The use of CMOS technology to realize active multielectrode array devices for large-scale neural interfacing with sub-millisecond and cellular resolutions is on the way to change how we can look at brain circuit’s and neural network’s activity. This is important to study their function in health and disease. In parallel, this highly integrated approach based on monolithic micro-/nano-structured CMOS devices is also providing innovative opportunities for the development of therapeutic strategies for brain diseases as well as small and ultra-low power devices for biomedical applications in diagnostics and prosthetics.
Planar CMOS devices with a high number of microelectrodes integrated in dense arrays at a pitch down to sub-cellular sizes were initially proposed for in-vitro preparations. Nowadays these planar CMOS multielectrode arrays (CMOS-MEAs) are commercially available and routinely used for studies and assays on cell cultures, organoids and brain tissues. More recently, implantable CMOS-probes for in-vivo recordings of neural activity were demonstrated for distributed recordings across superficial and deep brain circuits as well as in multiple brain regions. 
In this lecture we will review this technology and discuss our approach based on the Active Pixels Sensor (APS) circuit architecture to realize both planar and implantable CMOS-MEAs. This modular and scalable circuit solution allows continuous recordings from entire large arrays of closely spaced electrode-pixels and was recently demonstrated for recordings in rodents. The high data dimensionality provided by these new probes offers several advantages that can be exploited for pre-processing electrophysiological signals and to detect single-units activity. Finally, we will discuss ongoing developments toward wireless implantable probes for chronic brain interfaces and new generations of active micro-devices for high-throughput pre-clinical applications. 




Hiro Yoshinari

Executive Vice President
System Technologies Laboratory

Mr. Yoshinari is the Executive Vice President of Systems Technology Laboratories and the President of Creative Nanosystems.
He transferred from Sony at 2014 Jan.
In Sysmex, he is responsible for innovative activities for medical diagnostic products and ICT collaborative solution. The creative Nanosystems was established as a new venture company in ’18 Oct funded by Sysmex and JVCKenwood in the purpose of creating bio-devices for micro-fluidics base PoN.

In the former company, Sony, he had been managing 50 to 100 R&D members for nearly 8 years as General Manager. He led innovative technology development for professional contents creation products, then contributed its business growth through valance of technological competitiveness. Last 3 years, he challenged X-ray mammography efficiently using FPD technology and superior image processing technique. Unfortunately project was terminated but his curiosity about medical solution became bigger than ever.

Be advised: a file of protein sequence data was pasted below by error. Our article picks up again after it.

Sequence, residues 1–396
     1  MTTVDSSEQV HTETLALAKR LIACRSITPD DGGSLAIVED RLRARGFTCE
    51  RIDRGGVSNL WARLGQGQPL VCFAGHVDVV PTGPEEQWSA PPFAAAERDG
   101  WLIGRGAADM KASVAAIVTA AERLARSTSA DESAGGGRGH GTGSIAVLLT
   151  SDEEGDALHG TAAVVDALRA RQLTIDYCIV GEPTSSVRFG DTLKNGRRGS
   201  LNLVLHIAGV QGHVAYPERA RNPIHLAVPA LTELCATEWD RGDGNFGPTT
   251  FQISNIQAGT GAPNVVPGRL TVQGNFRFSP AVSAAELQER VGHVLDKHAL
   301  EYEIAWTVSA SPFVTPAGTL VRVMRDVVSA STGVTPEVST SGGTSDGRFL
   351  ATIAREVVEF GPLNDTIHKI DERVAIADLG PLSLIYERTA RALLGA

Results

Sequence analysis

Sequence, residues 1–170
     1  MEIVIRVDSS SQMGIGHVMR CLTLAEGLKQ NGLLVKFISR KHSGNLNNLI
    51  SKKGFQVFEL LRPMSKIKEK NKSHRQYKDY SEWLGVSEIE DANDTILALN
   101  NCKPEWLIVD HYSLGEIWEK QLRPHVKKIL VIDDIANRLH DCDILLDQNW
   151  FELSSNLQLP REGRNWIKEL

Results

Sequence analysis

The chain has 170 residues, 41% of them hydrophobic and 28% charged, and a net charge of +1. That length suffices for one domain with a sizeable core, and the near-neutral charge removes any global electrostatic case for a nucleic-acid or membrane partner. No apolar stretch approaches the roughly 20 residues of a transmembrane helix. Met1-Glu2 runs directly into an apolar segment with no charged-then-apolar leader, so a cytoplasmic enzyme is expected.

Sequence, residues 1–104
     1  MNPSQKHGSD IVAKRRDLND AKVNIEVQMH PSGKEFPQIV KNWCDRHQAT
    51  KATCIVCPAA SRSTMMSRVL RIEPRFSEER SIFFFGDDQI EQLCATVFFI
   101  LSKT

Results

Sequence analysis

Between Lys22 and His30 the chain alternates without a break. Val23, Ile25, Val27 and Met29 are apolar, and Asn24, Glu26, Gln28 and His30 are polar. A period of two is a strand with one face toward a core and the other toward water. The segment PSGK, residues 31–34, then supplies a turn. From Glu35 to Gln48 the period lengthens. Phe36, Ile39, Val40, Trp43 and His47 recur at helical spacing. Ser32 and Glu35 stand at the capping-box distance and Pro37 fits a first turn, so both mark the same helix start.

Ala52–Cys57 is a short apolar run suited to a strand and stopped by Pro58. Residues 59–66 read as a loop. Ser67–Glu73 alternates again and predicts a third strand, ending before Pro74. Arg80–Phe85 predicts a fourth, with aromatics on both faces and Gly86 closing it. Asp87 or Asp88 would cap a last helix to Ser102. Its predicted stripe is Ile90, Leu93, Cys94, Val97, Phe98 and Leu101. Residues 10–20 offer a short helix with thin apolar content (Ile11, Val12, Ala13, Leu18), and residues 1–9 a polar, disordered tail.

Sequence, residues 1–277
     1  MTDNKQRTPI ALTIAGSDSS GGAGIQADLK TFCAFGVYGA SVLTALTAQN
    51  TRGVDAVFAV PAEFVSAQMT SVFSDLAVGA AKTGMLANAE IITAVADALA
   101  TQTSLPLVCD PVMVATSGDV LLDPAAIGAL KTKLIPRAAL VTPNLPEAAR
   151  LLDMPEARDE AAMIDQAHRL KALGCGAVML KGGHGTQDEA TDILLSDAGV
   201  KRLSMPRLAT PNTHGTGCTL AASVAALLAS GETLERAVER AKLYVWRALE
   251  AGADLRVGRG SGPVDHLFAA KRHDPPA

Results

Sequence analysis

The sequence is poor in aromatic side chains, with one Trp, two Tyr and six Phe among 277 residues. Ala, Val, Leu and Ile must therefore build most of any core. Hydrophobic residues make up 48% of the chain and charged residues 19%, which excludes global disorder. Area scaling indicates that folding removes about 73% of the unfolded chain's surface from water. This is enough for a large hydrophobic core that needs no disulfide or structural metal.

He is now interested in adopting the best mix solution between diagnostic technology and ICT solution because everybody understands the medical scene is drastically changing recent years.


Title: “Digital transformation, our movement to the next medical and healthcare scene”

Transformation from medical care after becoming seriously ill caused by chronic disease to preventive and disease-free medical care is crucial theme in new medical and healthcare for mature society. The clinic-level medical care plays major role for it. Provision of solutions through the BestMix of PoN devices and ICTs strongly supports such trend.

We successfully realized compact and high sensitivity immunoassay system. We have adapted the CLEIA method with the Music CD shaped bio-device and network-connected 17cm Cube IoMT machine is implementing BestMix solutions with ICT-based services. It is very useful for monitoring the small molecules like cytokines related to chronic inflammation.

On the other hand, in order to verify the usefulness of our lifestyle habit management system for individualization prevention and medical care, we conducted a joint research with regional Hospital on the relationship between food content and postprandial blood glucose levels using our developed glucose patch test requires tissue fluid with ignorable invasion. As a result, we were able to making individual’s glucose tolerance profile. Being able to set dietary contents based on individual characteristics, it could be expected that more effective personalized dietary guidance.  By these results bring us another opportunity that we adapt to athlete's condition management, such as weight gain, weight loss and stamina UP using blood glucose level fluctuation. And we also monitor the athlete’s over training by utilizing immunology PoN.